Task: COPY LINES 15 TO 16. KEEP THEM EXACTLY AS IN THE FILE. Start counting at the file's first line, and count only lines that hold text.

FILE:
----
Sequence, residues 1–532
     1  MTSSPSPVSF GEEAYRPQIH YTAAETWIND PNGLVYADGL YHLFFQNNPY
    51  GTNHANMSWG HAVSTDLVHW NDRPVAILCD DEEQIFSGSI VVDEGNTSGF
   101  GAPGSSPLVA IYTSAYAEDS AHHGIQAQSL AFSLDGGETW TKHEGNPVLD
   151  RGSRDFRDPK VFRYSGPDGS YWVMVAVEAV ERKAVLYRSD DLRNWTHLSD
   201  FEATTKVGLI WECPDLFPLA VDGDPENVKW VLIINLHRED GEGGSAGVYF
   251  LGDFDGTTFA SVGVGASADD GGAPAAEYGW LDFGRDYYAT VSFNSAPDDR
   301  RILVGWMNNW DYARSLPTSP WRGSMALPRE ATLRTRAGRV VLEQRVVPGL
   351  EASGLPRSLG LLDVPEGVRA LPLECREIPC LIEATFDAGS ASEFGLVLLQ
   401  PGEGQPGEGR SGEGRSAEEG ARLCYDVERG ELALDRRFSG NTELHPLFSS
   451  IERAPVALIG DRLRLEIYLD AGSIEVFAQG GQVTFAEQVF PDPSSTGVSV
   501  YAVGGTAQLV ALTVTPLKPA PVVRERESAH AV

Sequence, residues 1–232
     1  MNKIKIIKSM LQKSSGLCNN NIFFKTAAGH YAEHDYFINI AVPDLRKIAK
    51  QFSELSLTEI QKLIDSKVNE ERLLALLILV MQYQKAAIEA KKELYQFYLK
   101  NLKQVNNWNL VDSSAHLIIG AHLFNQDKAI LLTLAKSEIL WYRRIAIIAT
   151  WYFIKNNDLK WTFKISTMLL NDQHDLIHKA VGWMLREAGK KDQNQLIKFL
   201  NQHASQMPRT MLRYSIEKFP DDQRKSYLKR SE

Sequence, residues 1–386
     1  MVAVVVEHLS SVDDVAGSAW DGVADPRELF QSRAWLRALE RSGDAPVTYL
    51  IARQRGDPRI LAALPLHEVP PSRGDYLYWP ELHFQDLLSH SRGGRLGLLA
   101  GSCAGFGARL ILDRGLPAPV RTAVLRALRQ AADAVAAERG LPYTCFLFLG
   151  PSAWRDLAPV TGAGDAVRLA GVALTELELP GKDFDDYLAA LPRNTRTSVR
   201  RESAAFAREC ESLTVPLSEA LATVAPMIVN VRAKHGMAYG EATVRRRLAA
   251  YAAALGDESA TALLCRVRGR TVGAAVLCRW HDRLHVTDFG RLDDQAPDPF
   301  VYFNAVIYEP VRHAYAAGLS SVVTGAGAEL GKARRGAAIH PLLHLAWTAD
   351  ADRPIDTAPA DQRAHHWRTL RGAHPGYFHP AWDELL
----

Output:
    51  QFSELSLTEI QKLIDSKVNE ERLLALLILV MQYQKAAIEA KKELYQFYLK
   101  NLKQVNNWNL VDSSAHLIIG AHLFNQDKAI LLTLAKSEIL WYRRIAIIAT